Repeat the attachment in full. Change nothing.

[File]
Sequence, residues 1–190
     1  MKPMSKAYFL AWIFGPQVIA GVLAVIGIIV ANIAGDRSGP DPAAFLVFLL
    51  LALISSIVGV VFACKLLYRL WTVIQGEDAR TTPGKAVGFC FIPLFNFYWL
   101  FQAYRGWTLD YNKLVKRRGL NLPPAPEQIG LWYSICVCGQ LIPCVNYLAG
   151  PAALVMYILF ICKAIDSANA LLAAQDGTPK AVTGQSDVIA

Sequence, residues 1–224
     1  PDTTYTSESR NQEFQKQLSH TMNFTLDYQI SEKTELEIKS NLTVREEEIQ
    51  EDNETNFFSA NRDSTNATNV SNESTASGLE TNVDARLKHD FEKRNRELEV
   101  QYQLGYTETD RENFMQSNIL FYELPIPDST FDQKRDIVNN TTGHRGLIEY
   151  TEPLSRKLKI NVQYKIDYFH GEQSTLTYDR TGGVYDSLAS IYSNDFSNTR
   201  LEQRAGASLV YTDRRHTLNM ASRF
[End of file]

Sequence, residues 1–190
     1  MKPMSKAYFL AWIFGPQVIA GVLAVIGIIV ANIAGDRSGP DPAAFLVFLL
    51  LALISSIVGV VFACKLLYRL WTVIQGEDAR TTPGKAVGFC FIPLFNFYWL
   101  FQAYRGWTLD YNKLVKRRGL NLPPAPEQIG LWYSICVCGQ LIPCVNYLAG
   151  PAALVMYILF ICKAIDSANA LLAAQDGTPK AVTGQSDVIA

Sequence, residues 1–224
     1  PDTTYTSESR NQEFQKQLSH TMNFTLDYQI SEKTELEIKS NLTVREEEIQ
    51  EDNETNFFSA NRDSTNATNV SNESTASGLE TNVDARLKHD FEKRNRELEV
   101  QYQLGYTETD RENFMQSNIL FYELPIPDST FDQKRDIVNN TTGHRGLIEY
   151  TEPLSRKLKI NVQYKIDYFH GEQSTLTYDR TGGVYDSLAS IYSNDFSNTR
   201  LEQRAGASLV YTDRRHTLNM ASRF